Tuesday, September 18, 2012
Homeless Shelters at Green Street Church
The Tennessean reported this morning that the Green Street Church of Christ has been cited by the Metro Department of Codes Administration for a zoning violation by allowing homeless people to live in tents adjacent to the church. The church is in an industrial zoning district and surrounded by industrial uses, but the homeless "camp" does not comply with zoning. The comments from the Metro Legal Department (Tom Cross) sound as though the city would like to accommodate the church’s mission if possible.
This is another one of those areas where the Tennessee Religious Freedom Restoration Act, Tenn. Code Ann. § 4-1-407, would seem to apply. The attorney for the church, Tripp Hunt, mentioned the applicability of RLUIPA, the federal act, but as we have discussed here in the past, the Tennessee version is much more powerful. Again, the main reason is that under the federal act, you must demonstrate that there is a substantial burden on religious activities, and the federal courts interpret the phrase “substantial burden” as a fairly high burden which is somewhat difficult to overcome.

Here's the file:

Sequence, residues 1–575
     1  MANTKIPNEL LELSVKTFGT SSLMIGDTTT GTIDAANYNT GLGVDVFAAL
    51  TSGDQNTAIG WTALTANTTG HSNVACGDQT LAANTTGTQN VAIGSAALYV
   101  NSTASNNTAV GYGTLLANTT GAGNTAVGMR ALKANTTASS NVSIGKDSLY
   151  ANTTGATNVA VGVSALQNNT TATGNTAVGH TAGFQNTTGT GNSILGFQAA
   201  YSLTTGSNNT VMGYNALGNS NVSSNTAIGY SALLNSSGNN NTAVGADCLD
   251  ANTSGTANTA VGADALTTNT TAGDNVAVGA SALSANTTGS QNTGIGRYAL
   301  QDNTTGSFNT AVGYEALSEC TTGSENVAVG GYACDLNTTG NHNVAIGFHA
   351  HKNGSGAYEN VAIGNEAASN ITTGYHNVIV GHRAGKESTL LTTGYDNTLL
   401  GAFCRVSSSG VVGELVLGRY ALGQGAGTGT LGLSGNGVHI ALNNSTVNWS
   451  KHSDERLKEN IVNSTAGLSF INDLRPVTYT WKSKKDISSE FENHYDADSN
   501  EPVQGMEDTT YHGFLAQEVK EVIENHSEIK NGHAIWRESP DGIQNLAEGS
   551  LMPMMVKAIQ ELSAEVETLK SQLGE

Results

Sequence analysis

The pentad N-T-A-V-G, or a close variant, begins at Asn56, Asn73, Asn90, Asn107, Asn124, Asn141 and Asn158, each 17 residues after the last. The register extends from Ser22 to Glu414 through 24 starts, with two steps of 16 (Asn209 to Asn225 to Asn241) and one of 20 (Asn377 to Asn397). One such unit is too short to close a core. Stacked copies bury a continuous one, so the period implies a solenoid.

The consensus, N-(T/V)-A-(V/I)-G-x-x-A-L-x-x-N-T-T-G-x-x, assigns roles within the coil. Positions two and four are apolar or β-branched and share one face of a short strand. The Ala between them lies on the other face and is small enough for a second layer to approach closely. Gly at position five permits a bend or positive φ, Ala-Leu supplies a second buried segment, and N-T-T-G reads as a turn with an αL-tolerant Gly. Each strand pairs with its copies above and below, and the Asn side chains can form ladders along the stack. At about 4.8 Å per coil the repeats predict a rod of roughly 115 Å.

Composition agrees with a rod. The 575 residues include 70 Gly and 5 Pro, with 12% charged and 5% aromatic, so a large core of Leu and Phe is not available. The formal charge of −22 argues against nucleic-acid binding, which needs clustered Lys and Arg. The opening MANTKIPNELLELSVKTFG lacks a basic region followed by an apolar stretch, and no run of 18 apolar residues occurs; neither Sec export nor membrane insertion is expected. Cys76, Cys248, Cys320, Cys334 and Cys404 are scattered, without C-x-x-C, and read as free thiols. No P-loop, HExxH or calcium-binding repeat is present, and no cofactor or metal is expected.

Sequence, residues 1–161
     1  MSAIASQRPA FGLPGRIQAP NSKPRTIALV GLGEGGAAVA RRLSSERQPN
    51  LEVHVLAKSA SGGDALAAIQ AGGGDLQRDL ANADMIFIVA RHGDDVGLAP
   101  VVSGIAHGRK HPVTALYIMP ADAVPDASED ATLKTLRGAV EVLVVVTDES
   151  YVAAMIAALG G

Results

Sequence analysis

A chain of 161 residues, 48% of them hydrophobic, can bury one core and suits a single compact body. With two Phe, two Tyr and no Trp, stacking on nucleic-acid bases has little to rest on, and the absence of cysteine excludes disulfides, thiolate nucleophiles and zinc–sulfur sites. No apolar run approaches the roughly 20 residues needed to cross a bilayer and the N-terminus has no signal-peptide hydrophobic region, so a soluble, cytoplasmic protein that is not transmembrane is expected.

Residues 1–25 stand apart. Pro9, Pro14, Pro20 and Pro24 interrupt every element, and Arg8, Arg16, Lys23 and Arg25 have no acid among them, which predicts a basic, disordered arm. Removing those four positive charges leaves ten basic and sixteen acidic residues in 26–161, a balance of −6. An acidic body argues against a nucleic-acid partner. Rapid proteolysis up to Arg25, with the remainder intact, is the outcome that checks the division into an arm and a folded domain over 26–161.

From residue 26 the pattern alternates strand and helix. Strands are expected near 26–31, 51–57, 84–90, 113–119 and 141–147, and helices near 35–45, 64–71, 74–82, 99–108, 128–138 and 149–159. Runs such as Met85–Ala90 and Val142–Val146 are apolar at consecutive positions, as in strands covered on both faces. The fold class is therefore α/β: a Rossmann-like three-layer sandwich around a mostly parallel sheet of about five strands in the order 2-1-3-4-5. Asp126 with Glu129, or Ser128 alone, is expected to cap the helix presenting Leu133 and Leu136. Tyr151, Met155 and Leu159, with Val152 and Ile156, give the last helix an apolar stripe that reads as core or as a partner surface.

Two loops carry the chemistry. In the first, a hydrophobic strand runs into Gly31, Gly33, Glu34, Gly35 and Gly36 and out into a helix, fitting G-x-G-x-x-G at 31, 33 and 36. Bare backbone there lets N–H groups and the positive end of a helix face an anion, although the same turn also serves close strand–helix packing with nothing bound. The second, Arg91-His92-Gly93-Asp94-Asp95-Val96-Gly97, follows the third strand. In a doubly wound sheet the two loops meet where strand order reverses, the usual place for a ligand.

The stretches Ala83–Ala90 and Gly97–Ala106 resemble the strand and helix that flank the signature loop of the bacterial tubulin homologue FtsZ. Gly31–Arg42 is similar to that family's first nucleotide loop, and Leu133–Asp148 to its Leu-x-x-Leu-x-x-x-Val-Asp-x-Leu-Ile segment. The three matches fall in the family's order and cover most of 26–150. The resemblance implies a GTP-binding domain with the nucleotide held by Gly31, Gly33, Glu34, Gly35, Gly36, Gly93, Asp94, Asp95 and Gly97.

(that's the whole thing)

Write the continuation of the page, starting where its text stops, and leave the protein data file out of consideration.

The Tennessee act however defines “substantial burden” as anything that “inhibits or curtails religiously motivated practice.” At least to me, that seems like a much easier burden to overcome. If part of the Green Street Church of Christ’s religious mission is to help accommodate and care for homeless people, then a zoning ordinance which prevents them from helping them on-site may very well inhibit or curtail the church’s religious practice.
Obviously, one of the difficulties here is that since most churches are located in residential areas, and since many residential neighborhoods would object to having homeless people moving alongside them, there is a conflict that will surely arise.
In any event, this Codes case certainly seems like an interesting case to watch. It will be even more interesting if the church employs the Tennessee Religious Freedom Restoration Act in its defense as well as the federal act.